Sunday, June 1, 2008

Rising food prices and the poverty conundrum

This week world leaders gather in Rome for the United Nations food summit. U.N. Secretary General Ban Ki-moon will issue an urgent plea to world leaders at a food summit in Rome on Tuesday to immediately suspend trade restrictions, agricultural taxes and other price controls that have helped fuel the highest food prices in 30 years. The meeting is aimed at forging a common international response to the food crisis.But will rising food prices, on balance, help or hurt the poor? 

Robert Zoellick, the World Bank president asserts that the increases in food prices will drive an additional 100 million people below the poverty line. 

But a much cited World Bank publication by Hartel and Ivanic published in 2007 showed that although freer farm trade and higher prices may raise poverty rates in some countries, it will reduce them in more. The study concludes that since a large proportion of the poor depend on agriculture, national poverty falls in 13 out of 15 countries focus countries in the wake of rich country agricultural liberalization.

Evidently, there are two sides to the food crises. However, the nuance of Mr. Zoellick’s assertion seems to me rather one sided and at best a very broad generalization.  The danger is that such generalizations, especially from the World Bank, tend to bias public policy and opinion and may very likely obstruct structured analysis of the implications and opportunities presented by rising food prices, especially for poor countries.  The result is that the interventions and policy responses will be wrong-headed and at best sub-optimal.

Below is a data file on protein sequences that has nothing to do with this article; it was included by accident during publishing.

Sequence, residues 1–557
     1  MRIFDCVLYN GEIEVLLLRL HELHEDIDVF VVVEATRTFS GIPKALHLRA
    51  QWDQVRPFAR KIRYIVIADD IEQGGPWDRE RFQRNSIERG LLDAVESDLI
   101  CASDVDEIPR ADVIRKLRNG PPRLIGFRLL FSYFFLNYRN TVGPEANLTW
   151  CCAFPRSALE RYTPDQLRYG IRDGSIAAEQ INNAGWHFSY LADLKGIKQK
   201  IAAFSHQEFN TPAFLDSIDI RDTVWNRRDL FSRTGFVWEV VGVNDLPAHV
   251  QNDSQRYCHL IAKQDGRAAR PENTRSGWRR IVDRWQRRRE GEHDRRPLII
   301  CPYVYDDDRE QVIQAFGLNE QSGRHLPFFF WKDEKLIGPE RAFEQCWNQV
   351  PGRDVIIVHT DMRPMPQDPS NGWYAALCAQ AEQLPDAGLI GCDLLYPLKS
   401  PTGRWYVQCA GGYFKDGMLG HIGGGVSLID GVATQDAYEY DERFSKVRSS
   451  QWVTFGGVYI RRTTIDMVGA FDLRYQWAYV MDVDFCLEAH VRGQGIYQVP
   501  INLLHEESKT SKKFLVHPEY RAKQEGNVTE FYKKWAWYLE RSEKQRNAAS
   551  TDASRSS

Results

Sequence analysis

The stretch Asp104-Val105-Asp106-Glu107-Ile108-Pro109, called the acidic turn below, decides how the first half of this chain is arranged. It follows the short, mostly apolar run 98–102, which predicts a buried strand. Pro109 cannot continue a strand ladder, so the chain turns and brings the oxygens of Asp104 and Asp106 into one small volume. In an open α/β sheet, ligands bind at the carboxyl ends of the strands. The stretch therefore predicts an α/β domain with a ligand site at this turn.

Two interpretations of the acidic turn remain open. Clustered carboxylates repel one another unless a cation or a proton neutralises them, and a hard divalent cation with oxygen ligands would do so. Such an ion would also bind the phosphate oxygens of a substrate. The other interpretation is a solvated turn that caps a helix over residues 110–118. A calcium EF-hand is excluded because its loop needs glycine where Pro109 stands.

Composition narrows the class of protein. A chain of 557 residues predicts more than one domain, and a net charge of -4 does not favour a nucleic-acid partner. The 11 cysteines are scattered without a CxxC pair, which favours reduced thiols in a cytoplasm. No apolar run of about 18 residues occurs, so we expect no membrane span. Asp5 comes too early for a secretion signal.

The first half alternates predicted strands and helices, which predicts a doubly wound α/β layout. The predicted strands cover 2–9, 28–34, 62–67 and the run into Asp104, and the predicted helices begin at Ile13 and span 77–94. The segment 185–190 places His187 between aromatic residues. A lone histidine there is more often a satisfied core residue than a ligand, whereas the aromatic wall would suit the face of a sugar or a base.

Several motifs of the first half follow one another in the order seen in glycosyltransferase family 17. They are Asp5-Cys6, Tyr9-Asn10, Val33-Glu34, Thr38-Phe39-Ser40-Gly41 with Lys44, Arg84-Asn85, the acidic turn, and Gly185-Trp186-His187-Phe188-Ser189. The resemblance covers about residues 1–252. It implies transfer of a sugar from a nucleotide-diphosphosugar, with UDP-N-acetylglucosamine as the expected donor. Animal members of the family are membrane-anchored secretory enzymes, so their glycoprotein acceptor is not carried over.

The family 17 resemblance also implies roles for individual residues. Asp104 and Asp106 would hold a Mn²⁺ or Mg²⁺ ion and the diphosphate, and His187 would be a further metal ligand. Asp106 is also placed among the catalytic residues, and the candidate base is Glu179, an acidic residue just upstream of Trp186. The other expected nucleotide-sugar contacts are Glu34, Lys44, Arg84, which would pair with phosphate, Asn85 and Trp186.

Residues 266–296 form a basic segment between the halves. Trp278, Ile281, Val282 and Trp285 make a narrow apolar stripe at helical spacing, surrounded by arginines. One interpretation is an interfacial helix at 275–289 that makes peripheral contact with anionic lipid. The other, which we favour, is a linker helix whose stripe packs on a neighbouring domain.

My view is that higher food prices could be a boon for the small scale rural agriculture. Higher farm incomes spur demand for rural labour, boosting wages for the rural landless. The surge in rural income could outweigh the initial price effect. More importantly, increasing revenues for the agricultural sector and rural economies could attract investments in infrastructure and human services. However, low income urban households, households in the non-agricultural sector, as well as households dependent on transfer payments or remittances from low income urban labourers, may wind up poorer before the benefits of higher food production lead to lower local food prices.

Shifts in national poverty outcomes as a direct consequence of rising food prices will therefore depend on the relative weights of rural versus low income urban populations in the national demographics. It will be helpful to know how these key groups are represented in the figures provided by Robert Zoellick. 


Maros Ivanic and Will Martin. 2008. Implications of Higher Global Food Prices for Poverty in Low-Income Countries.  World Bank Policy Research Working Paper No 4594, April 2008

Thomas Hertel, Roman Keeney, Maros Ivanic and Alan Winters.2007. Distributional Effects of WTO agricultural reforms in rich and poor countries.  Economic Policy, April 2007

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